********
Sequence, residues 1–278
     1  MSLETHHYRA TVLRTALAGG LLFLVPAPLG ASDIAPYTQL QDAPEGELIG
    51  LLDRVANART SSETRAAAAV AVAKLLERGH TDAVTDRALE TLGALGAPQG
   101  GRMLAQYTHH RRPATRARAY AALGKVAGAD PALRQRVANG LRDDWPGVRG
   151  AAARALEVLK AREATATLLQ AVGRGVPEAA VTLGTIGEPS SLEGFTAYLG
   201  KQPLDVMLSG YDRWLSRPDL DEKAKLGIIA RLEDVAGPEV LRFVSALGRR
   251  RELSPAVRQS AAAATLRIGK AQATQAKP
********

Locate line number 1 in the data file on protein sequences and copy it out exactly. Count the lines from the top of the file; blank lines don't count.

Sequence, residues 1–278